Hi love! Okay so here are some little tips I’ve picked up over the past few months that definitely impact your quality of living. I tried to explain each the best I could, so this post is going to be long. But these are simple things that you can be in control of that make a difference!

1. Make your bed. As soon as I wake up and start my day, I make my bed. And if not as soon as possible, ALWAYS before I leave the house. It’s a way of solidifying your day in a positive manner, and when you come home either in between tasks or at the end of your day, you feel invited into your space, not like you’re crashing into your own room.

2. Learn how to clean your room. I say learn because none of us really learn or know how. I read The Life Changing Magic of Tidying Up by Marie Kondo a month or two ago and it was life changing (use your amazon account and download the audio book for free with Audible as your first audio book). She explains that 1. Western culture naturally breeds hoarders and material lovers  2. We know how to make things “look” clean, but allow our spaces to be filled with things we don’t need or value 3. Modern style and pinterest blogs have really put an emphasis on storage. Why the hell do we need so much storage? Storage should be an afterthought. Get rid of everything you don’t need and you won’t have much to store. This woman honestly changed my life.

3. Get to sleep at a normal time. You can not function optimally if you’re only running on 5 hours of sleep a night!

4. How can you make your space feel more like you? I got an aromatherapy diffuser for about $20 and it’s been magical, I find that I particularly like lavender oil and it’s been blissful to have oils on when I wake up and have them soothe me to sleep

5. Your bed is for sleeping – that’s it. This is a callout post lol. I grew up in a hoarder family where no space was used for its designated purpose and as a family we became very pack-rat-y and were (still are, with the exception of me) a very mole in a hole type family. That included eating, where by at least age 10 I was eating alone in my bed. It’s a hard habit to kick, but eating in your bed is not only unsanitary, it’s not the best for your piece of mind. I stopped doing so, and I don’t do any more work (for the most part) at my bed either, which I’ll discuss below. My bed feels like a much more special and soft place now that I have trained my brain to associate it with pure relaxation and no other tasks.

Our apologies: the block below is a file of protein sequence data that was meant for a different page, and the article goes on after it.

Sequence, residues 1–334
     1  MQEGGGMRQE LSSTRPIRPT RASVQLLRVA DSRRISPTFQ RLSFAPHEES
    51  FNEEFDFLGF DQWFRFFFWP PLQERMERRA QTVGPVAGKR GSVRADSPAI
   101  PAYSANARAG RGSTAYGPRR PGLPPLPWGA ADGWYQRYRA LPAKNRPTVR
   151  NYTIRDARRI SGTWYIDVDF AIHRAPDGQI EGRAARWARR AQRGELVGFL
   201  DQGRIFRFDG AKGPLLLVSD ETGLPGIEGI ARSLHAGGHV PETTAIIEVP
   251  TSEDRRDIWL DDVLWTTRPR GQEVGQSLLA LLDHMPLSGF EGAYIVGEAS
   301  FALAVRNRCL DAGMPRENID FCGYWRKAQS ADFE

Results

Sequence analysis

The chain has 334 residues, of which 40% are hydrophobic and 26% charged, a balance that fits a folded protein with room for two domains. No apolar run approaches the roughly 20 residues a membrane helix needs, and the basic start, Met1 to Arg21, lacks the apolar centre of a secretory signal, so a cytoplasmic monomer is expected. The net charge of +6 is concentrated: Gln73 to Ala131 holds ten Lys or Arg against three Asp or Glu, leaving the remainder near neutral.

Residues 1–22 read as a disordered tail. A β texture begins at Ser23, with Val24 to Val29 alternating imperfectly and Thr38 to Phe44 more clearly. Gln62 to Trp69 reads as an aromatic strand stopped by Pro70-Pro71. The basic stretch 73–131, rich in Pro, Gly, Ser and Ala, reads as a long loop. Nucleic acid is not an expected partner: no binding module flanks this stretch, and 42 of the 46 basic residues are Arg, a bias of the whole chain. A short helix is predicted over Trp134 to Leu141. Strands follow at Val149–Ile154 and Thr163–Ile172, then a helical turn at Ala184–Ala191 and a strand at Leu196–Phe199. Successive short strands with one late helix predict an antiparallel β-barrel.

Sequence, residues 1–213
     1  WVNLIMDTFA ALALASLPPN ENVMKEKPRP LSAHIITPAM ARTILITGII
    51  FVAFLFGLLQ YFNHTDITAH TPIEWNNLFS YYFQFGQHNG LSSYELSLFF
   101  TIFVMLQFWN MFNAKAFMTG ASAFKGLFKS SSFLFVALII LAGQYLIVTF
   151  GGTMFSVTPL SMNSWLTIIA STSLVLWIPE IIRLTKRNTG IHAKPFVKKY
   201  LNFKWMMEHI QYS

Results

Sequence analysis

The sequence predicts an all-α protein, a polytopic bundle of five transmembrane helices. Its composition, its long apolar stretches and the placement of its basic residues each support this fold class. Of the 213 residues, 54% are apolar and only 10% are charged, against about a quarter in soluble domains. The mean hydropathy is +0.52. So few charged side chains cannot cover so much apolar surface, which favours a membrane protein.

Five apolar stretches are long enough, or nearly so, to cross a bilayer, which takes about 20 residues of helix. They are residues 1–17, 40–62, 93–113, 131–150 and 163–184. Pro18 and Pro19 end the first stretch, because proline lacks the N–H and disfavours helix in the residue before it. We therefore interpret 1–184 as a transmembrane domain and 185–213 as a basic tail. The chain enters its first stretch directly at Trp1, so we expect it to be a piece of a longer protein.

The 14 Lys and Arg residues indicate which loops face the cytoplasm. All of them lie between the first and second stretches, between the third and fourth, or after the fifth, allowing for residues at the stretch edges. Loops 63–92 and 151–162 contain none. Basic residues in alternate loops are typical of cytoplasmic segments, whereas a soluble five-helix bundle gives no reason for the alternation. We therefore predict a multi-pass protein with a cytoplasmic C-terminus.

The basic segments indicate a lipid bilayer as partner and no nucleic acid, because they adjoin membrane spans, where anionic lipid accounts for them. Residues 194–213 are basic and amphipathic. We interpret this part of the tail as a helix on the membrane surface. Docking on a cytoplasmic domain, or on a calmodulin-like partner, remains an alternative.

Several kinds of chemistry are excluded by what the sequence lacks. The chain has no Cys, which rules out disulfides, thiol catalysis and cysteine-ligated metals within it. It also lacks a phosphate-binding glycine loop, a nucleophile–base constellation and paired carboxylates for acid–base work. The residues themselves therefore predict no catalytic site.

6. Invest in a desk and chair – I’m not talking about anything fancy. It could literally be a used desk, end, or foldaway table for under $50 and a cheap foldaway chair. If you live in the US, apps by LetGo and Offer Up let people sell their used items like furniture for cheap. Honor yourself by designating a space for yourself for work and eating (I also find it’s much better for your posture as well). Mentally again it’s nice because all of my school troubles metaphorically stay at my desk, I don’t carry them into my bed. And if you have a super tiny room like I do, utilize as much space as possible and maybe try a corner desk/table.

7. Allow yourself silence. What ways do you try to fill voids? Do you always watch tv while you eat? Do you need to have a 100 different things happening at once to feel satisfied? It’s nice to eat quietly and actually think about what you’re doing. I watched a segment where Thich Nhat Hahn discussed this, and being mindful in this way with eating and all tasks. What about when you study, or drive, etc? Something to think about. Be mindful of the content you engage in on social media and entertainment as well. Sometimes something can be entertaining but toxic to your mental/emotional health!

8. Invest in a daily practice of something you enjoy, even if it’s 10 minutes a day – (I do not include forcing yourself to exercise in this list- if you do not enjoy it or are doing it for the wrong reasons/reasons that do not bring you comfort, it is not mindful) I do yoga and not only has it stopped me from throwing myself off a bridge, but it really has made me consider who I am and what I want and need. I slowly breathe and form whatever shapes I need to connect to my higher self. Maybe for you, your thing could be painting, swimming, writing, reading, whatever. Give yourself the time everyday to explore yourself through whatever medium possible.